The city of Lake Elsinore was struggling to cope with the influx of visitors coming to see the super bloom over the weekend, and the Lake Elsinore City Hall Facebook page Sunday announced that the crowds had grown beyond the city's available resources.
The Facebook page used the hashtag "Poppyshutdown" and said no additional shuttles or visitors would be allowed to go to Walker Canyon, labeling the weekend "unbearable." The Lake Elsinore City Hall Facebook page ended its post with a series of hashtags: "#PoppyNightmare #IsItOver #HanginthereLE."
On Monday, early morning visitors walked around a gate across a trail to see the flowers in Walker Canyon.
One man arrived from Colorado.
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"I've had it on my list for many years," said Tom Heywood. "The timing was right. So, last minute, I just loaded up the truck and here I am."
The area reopened later Monday morning.
An estimated 50,000 people flooded into the Inland Empire over the weekend, creating "Disneyland sized crowds" to view the so-called super bloom, and the rush is proving too much for local officials to handle, the city of Lake Elsinore said in a statement on Saturday.
One city employee was struck by a hit-and-run driver, while another visitor was bit by rattlesnake, according to Lake Elsinore Mayor Steve Manos' social media posting.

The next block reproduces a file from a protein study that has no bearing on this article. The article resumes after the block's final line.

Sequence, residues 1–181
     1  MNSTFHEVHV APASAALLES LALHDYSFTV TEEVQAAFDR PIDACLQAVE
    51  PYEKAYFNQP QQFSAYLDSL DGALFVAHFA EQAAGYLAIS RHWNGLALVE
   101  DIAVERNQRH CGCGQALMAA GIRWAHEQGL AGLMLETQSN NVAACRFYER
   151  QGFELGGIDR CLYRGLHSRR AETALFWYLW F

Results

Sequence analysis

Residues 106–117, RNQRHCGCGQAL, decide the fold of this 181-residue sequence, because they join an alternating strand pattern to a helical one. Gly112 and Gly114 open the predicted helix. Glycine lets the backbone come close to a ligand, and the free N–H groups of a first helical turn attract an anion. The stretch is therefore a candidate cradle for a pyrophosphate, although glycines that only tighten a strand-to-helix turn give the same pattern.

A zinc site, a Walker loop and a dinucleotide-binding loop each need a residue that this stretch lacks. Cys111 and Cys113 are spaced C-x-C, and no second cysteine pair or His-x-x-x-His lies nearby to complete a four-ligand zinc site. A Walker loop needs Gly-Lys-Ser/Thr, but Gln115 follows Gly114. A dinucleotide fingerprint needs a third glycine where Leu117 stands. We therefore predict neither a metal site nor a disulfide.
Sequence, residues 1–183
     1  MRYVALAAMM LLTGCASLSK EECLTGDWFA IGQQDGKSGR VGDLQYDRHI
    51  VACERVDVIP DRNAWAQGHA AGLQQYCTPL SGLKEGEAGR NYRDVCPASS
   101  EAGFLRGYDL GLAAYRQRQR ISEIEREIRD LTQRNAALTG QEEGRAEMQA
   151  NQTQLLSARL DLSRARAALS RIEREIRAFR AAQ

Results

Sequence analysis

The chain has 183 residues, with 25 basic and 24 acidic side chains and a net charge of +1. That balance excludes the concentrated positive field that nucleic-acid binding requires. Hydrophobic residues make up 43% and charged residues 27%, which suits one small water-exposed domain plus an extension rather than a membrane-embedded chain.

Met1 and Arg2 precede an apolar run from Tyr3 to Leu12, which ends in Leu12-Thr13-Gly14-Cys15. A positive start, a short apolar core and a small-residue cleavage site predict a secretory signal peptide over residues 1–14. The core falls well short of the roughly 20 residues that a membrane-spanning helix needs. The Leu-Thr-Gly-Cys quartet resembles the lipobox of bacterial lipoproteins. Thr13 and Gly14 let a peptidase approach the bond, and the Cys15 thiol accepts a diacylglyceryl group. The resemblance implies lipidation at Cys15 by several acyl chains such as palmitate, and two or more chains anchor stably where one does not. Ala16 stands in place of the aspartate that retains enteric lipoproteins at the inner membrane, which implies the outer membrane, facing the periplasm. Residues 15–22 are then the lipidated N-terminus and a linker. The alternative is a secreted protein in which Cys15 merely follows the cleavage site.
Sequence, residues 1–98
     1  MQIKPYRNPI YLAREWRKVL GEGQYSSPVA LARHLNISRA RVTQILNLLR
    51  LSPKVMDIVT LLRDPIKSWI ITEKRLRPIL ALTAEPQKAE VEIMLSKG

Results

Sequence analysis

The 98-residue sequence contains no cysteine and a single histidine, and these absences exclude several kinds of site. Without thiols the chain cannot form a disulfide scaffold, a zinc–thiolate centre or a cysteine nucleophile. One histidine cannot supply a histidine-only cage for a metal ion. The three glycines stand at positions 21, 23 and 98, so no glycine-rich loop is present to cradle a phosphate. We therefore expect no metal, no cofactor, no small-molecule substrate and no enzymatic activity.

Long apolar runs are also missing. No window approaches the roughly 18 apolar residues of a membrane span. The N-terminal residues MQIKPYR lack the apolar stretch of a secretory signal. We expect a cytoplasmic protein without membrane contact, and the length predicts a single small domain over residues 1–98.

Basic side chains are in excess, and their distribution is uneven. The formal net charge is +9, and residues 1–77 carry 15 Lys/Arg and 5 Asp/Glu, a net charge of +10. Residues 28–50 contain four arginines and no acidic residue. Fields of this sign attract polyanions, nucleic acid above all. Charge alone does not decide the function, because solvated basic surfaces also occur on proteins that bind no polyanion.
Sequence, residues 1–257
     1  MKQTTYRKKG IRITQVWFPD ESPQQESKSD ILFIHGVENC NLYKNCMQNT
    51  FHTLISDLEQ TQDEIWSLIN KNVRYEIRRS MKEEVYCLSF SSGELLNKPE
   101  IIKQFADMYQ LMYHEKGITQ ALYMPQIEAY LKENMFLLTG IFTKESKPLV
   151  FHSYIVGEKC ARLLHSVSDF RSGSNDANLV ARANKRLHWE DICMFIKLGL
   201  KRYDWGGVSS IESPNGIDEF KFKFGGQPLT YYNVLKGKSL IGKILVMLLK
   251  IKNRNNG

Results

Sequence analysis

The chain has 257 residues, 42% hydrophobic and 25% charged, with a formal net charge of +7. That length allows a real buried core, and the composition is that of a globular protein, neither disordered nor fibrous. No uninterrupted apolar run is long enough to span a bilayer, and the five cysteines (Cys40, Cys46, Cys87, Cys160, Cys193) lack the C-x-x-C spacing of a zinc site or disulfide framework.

"We have brought in all available staff, as many outside traffic controllers that we could, more shuttles, and our small city cannot sustain crowds of this magnitude," the city's statement said.
Substantial and sustained rainfall in the early months of the year led to an explosion of California poppies along the hillsides that line the 15 Freeway. Hordes of people have come through the area in hopes of taking in the gorgeous golden hills.
The rush affected the 15 Freeway throughout the weekend, and Newschopper4 Bravo captured a long line of vehicles and roads shut down on Sunday evening. Earlier on Sunday, an estimated 500 vehicles were parked illegally, according to the California highway Patrol.
The city had asked visitors come on weekdays whenever possible and to stay out of the area entirely, if possible.
"The City is truly trying to do the best and right thing," the statement said. "While the community has expressed many concerns, please understand that many things are beyond our control and we are doing what we can. We wish we could do more."